> black DU Oxide on the ground and the intense fire
> that
> had gutted the machines make the vehicles dangerous
> playgrounds. *Do you know about Depleted Uranium?*
> asked Raed. *Yes we know about it* they replied,
> but
> it hasn*t stopped them playing. One entrepreneur
> was
> busy hack sawing a radiator out of the vehicle.
> Further along the road we found the US army
> surrounded
> by razor with a queue of Iraqi*s being handed their
> wages. I stayed in the car filming this and was
> soon
> approached by a GI *There*s no filming here, we have
> machine guns in place* I was puzzled and pushed him
> for a better explanation, *I could take that off
> you*
> he said, leaning into the lens. I had forgotten to
> turn it off. *OK I*m not filming* I lied.
> After hours and days on the road from Baghdad to
> Basra, we stopped at cities I had never heard of,
> Samawa, Diwanniyya and villages that are not even on
> the map. At one place we decided to stretch our
> legs
> and walked into a place built with mud blocks. *I
> am
> not sure they will not start shooting at us,*
> admitted
> Raed. Yet as everywhere people were glad of
> visitors.
> *This place is incredible,* said Raed. *It*s
> called
> Aruba, here they have a water filtration system,
> electricity, even television.* But the electricity
> has been off for weeks, they are carrying filthy
> water
> from the river and cannot filter it. It*s making
> them
> sick *For now they have their food rations, but it
> will run out. People will hear that Baghdad and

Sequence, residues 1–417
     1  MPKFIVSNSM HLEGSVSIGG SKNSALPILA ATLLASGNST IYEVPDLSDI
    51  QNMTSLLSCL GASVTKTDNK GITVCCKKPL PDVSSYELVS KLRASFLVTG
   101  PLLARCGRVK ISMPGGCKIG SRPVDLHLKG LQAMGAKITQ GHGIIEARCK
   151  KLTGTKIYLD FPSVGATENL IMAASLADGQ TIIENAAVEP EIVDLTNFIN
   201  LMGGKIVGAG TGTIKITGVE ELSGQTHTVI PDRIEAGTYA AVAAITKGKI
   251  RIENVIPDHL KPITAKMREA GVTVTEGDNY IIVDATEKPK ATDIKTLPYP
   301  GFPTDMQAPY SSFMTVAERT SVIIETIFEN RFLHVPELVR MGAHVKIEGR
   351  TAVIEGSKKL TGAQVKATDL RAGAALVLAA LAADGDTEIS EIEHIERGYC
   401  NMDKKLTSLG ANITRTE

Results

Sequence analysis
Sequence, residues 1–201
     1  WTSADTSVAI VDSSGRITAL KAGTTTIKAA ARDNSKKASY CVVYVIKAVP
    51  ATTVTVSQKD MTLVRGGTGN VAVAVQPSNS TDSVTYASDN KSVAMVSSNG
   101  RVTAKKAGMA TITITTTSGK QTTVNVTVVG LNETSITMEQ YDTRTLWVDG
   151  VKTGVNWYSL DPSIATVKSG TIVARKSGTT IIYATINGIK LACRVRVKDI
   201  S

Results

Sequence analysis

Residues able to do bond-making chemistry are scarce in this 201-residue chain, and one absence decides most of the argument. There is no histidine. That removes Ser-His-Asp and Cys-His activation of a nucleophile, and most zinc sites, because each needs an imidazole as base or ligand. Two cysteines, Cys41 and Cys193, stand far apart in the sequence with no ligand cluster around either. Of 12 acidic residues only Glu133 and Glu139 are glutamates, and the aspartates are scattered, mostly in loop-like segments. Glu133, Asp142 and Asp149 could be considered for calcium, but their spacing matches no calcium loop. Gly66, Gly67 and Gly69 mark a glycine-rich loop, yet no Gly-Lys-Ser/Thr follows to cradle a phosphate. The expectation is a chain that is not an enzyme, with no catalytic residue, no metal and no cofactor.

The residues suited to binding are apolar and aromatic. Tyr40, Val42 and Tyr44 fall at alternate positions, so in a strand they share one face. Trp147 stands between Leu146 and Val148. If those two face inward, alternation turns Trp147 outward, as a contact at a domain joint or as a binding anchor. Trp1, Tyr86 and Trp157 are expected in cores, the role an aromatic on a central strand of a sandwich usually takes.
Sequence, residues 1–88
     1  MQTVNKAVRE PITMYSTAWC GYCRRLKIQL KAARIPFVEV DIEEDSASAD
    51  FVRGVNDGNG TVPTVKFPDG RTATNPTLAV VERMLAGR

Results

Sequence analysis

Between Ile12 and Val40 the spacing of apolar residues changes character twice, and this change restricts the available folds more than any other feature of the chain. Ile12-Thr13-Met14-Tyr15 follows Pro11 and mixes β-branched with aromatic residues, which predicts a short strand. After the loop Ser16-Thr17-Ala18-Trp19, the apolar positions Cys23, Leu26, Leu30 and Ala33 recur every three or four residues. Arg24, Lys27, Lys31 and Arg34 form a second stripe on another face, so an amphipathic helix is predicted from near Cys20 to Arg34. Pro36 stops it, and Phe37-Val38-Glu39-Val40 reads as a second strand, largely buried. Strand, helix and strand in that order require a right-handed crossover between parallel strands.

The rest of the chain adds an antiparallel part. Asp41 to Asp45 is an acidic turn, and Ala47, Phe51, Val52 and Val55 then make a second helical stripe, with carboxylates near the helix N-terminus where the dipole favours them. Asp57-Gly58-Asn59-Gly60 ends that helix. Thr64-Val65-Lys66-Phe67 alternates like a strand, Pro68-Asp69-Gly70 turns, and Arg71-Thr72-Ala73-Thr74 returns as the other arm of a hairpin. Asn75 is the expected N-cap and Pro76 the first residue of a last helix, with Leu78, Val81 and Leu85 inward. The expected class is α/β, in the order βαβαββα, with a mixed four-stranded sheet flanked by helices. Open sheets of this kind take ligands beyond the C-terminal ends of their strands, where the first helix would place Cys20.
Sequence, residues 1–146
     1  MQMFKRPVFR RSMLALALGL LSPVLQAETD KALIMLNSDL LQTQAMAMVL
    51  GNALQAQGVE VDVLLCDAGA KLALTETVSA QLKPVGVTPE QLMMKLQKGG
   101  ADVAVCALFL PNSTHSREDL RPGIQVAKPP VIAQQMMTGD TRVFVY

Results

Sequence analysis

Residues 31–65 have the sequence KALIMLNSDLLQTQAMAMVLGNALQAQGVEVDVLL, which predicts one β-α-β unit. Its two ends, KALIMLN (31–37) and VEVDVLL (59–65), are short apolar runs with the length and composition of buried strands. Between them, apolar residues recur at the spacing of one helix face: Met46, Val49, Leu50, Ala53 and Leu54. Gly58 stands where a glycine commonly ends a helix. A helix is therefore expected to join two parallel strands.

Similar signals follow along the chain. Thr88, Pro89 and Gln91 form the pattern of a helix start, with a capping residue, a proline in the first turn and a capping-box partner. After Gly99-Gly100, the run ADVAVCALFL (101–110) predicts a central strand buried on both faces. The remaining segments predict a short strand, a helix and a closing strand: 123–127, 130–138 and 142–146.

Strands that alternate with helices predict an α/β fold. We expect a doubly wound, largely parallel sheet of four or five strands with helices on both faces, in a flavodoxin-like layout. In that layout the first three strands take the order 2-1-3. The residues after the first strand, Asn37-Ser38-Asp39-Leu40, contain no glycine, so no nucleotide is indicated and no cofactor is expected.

> Basra
> are restored, but will they care about villages not
> the maps, or will people here start dying and nobody
> will know.* Observed Raed. I couldn*t answer. I
> met the World Food Programme information officer in
> the hotel in Basra. *Just let me know if there is
> any
> information you need,* he said. He was not on my
> list
> of priorities, *Well we start distributing food in
> two
> weeks* he said unprompted. So Maybe Basra will get
> their rations in two weeks, but what about this
> village of Aruba.
> Thousands of US trucks and machinery are moving in
> the
> desert, *they are building a new base, Camp Ali*
> said
> Raed. They could be importing a new city from the
> activity.
> Back in Baghdad I am only starting to comprehend
> life
> with the US military. Tanks thunder past the hotel
> every few hours. This morning I saw two of them
> climb
> the pavement, and nearly destroy a carefully
> nurtured
> tree in their impatience to get past a garbage
> truck.
> It*s hard to describe seeing tanks being driven
> around
> streets as if the were jeeps, not slowing or
> indicating for corners. It*s only a matter of time
> before a person, child or even a car does not get
> out
> the way in time. As Jamil the man who makes us all
> *special* coffee said, *It*s not good*.
> __________________________________________________
> It's Samaritans' Week. Help Samaritans help others.
> Call 08709 000032 to give or donate online now at

It's Samaritans' Week. Help Samaritans help others.
Call 08709 000032 to give or donate online now at
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It's Samaritans' Week. Help Samaritans help others.
Call 08709 000032 to give or donate online now at